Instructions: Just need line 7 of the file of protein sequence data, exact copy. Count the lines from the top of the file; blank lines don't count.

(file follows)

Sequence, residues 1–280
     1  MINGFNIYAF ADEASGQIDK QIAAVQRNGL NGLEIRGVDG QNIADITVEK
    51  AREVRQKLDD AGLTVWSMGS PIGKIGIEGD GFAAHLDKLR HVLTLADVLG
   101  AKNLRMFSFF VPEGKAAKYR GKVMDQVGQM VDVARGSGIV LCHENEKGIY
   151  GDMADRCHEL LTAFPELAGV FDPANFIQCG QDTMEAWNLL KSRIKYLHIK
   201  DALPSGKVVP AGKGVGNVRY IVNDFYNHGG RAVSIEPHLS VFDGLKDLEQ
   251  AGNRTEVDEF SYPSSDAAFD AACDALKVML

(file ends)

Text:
   251  AGNRTEVDEF SYPSSDAAFD AACDALKVML